Build a Simple Bat Detector
Wiring the Phone Jack
The unconventional way in which the earphone jack is used to turn the
power off and on may seem confusing, so this page was written to help sort
it out. I hope it clears up any questions you may have about the earphone
The figure at the left compares a 2 circuit and 3 circuit phone plug. The
two circuit plug, also referred to as a monaural plug, has only a tip and
sleeve conductor. This was the prevalent plug style until portable stereo
sound equipment became common.
To accomodate stereo, the plug was modified by splitting the sleeve and
creating a ring segment for the second audio channel. This modified plug
is referred to as a 3 circuit, or stereo, plug.
In normal use, either plug type plug would have the sleeve segment used
as the ground, or common connection of the earphone set. A monaural, or
1 channel earphone would have it's signal connected to the tip segment,
while stereo earphones would have their left and right audio channel circuits
connected to the tip and ring segments.
Plugging a 3 circuit plug into a 3 circuit jack would connect the tip ring
and sleeve of the plug to the respective circuits on the jack, correctly
completing a three circuit connection.
However, what we are doing on the project is plugging a 2 circuit plug
into a 3 circuit jack. As you can see in the diagram to the left, without
the insulator that normally seperates the ring and sleeve segments of the
plug, the ring and sleeve segments of the jack are connected together by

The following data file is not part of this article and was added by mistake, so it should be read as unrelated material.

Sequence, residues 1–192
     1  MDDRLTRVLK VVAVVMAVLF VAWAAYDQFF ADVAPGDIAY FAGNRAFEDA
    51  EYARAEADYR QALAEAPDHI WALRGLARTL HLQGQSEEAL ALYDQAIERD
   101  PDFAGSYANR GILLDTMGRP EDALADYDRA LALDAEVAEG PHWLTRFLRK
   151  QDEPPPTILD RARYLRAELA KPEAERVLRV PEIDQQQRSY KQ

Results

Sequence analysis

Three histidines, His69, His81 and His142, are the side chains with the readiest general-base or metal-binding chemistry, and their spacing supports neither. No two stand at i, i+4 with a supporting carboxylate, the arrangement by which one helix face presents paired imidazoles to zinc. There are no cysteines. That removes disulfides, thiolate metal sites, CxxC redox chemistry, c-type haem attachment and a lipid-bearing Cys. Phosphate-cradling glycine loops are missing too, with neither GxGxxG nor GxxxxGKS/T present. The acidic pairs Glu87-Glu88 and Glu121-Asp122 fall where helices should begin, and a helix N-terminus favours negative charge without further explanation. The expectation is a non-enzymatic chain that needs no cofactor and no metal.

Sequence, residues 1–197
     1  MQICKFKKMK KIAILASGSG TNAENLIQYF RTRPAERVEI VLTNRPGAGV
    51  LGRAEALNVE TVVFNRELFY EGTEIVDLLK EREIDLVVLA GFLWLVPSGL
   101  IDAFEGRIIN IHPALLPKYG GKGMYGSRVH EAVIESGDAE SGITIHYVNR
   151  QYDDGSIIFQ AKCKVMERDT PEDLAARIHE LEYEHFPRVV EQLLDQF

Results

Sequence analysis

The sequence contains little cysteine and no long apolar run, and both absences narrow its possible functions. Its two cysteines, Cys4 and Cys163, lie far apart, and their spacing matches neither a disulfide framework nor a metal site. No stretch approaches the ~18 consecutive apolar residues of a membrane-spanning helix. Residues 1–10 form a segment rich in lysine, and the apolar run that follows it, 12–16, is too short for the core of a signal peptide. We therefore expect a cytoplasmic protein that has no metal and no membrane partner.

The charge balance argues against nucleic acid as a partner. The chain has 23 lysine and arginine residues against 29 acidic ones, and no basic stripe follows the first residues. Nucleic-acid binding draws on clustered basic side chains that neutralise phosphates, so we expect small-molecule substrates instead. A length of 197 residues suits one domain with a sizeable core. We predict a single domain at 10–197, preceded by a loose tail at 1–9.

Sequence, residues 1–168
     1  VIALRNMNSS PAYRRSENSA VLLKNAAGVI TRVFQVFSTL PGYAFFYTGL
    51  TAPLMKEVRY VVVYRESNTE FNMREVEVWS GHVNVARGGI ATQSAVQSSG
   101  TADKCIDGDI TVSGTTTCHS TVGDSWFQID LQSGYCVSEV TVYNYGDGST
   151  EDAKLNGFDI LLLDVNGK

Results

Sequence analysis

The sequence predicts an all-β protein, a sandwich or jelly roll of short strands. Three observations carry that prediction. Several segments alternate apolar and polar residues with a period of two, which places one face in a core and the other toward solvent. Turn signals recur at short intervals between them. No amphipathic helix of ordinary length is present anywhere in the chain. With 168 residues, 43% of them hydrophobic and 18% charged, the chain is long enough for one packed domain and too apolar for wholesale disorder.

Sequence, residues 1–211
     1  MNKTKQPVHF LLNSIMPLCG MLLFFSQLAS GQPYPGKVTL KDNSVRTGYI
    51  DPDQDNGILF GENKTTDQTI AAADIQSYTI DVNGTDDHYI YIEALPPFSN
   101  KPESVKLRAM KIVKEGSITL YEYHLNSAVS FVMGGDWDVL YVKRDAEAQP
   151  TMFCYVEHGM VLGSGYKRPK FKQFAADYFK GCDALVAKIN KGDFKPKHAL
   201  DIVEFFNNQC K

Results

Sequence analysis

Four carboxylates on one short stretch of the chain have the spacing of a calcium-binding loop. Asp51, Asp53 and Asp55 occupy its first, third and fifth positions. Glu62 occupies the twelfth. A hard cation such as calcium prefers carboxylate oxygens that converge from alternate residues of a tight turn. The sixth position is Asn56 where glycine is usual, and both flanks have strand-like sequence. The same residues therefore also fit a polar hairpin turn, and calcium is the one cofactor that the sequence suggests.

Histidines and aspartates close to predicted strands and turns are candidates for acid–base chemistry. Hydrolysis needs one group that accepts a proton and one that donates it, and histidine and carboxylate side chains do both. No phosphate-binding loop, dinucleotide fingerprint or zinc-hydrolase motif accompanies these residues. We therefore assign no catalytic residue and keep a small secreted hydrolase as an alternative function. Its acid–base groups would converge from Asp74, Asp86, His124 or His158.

the insertion of the plug.
So this brings us back to the project... The circuit you are building is
using a two circuit plug, the earphone, with a 3 circuit jack. The tip
circuit connects the earphone hot lead to the audio from the level control.
The sleeve circuit provides a ground connection for the earphone AND the
battery. The battery, being connected to the ring segment of the jack,
is connected to ground - the sleeve segment of the jack, by the long sleeve
of the 2 circuit plug. This provides the power switching for the project.
When wiring your project make sure to properly identify the tip, ring,
and sleeve connections of the jack.
If you choose to buy a jack not listed on the parts
list, please be aware that there also exist jacks that have additional
circuits for switching out speakers when earphones are plugged in. These
are usually referred to as closed circuit jacks, where we have been discussing
open circuit jacks. The contacts on these may look similar to the jack
used in the project. Be sure you have a stereo, or three circuit jack.
Acknowledgement: Thanks to Peter
Stimpson, in England, for suggesting this enhancement to the Simple
First published November, 1997 - Last update: November 12, 1997